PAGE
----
Dick Irish


Email from Dick Irish to etceterini.com about his 1952 Sebring race:  The Siata "adventure" was really fun.  We ran two 12 hour races in a week and I don't think we ever saw 100 mph.  As I mentioned, we had head gasket problems at Vero Beach.  Tony Pompeo even brought us yet another head gasket in his suitcase for Sebring, but to say it arrived "rumpled" would be an understatement.  We therefore borrowed a page from our midget experience and made a headgasket from annealed aluminum sheet.  Tony also brought the shop manual which basically said one should torque the head, let it set over night to let the studs stretch, the re-torque it again, before running.  The Siata Gran Sport would out handle most of the competitors though and I was able to run a whole stint with the ex-Bill Spear 2 liter 166 Barchetta driven by Dick Cicurel and Bob O'Brian.  I'd pass them going into the first turn, lead them through the hairpin and down warehouse straight, the Ferrari would pass me on the airport runway straights, I'd catch them on the last turns and follow them past the pits, to repeat the pass.  After the driver switch, I went down to their pits to tell them that I didn't mind following a Ferrari, but I hated following one with mufflers!  It REALLY pissed them off!  At our last pit stop, we lost time when the engine wouldn't fire for some reason.  When it did fire, we'd dropped to third place behind an XK-120 Jag.  We ended up 45 seconds behind it while gaining 19 seconds a lap.  The kicker was the next morning the car threw the rod on the way back into town and we had to fit a tow bar and tow the car back to Cleveland.  We had driven it down to break it in, as I had also driven it from New York to Cleveland.  The dealer I worked for, who owned the car, hadn't a clue and repainted the car a different color before putting it on the showroom floor with the trophies!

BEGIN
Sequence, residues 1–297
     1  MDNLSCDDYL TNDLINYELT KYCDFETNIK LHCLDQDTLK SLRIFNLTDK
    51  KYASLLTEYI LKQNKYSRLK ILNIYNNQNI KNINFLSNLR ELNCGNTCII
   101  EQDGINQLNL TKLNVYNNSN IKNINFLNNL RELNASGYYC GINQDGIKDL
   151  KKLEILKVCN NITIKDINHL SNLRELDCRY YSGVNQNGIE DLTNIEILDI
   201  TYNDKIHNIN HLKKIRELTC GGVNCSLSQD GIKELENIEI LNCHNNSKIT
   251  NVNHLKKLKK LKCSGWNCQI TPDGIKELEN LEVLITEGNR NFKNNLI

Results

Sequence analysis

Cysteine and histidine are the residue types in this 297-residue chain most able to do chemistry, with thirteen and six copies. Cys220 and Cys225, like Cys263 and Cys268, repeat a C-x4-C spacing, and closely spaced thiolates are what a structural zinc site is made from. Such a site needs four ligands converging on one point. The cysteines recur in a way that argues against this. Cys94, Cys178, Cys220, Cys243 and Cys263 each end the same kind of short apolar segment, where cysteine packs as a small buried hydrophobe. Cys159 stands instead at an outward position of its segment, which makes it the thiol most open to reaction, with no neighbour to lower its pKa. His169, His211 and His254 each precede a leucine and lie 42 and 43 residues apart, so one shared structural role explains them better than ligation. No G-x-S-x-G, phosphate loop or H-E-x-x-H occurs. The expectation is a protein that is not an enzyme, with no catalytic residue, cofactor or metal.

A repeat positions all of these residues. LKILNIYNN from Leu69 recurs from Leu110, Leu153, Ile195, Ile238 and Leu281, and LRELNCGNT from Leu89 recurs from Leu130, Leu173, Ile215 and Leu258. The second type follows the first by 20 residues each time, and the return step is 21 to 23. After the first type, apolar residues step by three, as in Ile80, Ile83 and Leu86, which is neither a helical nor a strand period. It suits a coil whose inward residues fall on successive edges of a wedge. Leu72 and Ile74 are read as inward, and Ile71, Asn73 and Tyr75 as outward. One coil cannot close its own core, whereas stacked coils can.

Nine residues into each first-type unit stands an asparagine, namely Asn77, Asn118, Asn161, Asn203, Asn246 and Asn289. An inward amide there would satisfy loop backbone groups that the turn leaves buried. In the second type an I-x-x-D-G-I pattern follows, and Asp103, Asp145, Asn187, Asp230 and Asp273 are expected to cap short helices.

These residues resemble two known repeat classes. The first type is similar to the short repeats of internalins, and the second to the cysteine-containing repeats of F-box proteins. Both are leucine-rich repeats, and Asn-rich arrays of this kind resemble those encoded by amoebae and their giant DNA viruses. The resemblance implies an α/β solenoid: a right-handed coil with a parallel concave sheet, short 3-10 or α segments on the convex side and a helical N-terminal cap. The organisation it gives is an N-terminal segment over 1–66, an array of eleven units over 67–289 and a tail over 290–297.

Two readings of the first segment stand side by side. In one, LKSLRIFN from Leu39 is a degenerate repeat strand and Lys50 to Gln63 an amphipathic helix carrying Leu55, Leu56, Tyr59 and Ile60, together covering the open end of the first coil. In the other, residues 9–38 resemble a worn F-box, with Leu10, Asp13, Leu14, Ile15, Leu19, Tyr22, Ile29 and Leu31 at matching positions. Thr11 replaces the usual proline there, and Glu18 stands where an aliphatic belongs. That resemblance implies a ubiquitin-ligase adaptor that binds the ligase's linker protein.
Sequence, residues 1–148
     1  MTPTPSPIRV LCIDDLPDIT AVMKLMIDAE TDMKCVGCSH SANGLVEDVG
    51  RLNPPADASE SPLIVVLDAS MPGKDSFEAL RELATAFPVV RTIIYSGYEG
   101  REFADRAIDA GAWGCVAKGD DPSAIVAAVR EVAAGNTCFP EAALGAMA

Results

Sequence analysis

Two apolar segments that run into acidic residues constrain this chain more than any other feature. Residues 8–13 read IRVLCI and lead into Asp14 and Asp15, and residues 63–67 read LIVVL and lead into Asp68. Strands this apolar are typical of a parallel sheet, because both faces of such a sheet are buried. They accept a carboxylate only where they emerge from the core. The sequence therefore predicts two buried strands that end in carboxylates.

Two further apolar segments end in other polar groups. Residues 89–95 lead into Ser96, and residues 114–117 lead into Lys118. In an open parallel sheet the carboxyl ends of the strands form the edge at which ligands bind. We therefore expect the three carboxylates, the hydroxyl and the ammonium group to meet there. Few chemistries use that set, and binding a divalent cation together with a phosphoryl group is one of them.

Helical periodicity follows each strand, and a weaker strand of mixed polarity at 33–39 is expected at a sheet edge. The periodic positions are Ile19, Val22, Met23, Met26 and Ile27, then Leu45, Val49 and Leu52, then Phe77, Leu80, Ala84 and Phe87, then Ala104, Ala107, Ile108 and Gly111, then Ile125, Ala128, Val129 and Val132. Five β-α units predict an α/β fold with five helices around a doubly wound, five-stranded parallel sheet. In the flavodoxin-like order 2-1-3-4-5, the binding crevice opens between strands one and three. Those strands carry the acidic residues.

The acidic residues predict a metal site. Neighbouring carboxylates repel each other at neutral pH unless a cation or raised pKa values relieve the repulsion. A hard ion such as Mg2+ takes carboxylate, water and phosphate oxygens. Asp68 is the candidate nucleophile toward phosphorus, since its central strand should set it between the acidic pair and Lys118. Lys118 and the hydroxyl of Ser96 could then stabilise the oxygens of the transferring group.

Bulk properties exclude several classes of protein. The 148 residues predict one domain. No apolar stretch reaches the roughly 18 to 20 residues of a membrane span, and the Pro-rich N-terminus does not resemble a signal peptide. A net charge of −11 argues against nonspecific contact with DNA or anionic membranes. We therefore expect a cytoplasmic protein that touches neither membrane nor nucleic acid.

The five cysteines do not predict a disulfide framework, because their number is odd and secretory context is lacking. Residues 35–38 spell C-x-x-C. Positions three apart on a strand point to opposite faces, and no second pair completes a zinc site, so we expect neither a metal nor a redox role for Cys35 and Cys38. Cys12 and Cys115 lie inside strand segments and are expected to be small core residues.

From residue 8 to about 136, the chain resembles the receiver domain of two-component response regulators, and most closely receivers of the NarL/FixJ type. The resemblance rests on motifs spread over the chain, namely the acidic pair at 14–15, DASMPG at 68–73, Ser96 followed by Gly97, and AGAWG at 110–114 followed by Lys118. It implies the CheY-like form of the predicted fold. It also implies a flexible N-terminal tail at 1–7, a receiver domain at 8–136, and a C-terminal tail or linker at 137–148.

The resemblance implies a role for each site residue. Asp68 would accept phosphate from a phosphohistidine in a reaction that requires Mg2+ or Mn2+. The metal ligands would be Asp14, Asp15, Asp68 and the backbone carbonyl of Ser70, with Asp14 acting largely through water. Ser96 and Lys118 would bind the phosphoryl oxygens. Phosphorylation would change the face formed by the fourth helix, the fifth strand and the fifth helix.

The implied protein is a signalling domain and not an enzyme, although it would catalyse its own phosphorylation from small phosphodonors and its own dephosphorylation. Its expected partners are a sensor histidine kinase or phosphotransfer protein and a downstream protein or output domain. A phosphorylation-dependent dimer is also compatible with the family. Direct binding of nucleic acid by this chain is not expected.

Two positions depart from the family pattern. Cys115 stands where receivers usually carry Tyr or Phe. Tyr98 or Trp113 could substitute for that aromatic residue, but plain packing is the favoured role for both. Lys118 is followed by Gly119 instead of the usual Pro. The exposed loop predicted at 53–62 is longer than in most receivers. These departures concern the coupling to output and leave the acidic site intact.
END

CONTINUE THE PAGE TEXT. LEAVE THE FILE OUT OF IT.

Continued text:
1952 Brynfan Tyddyn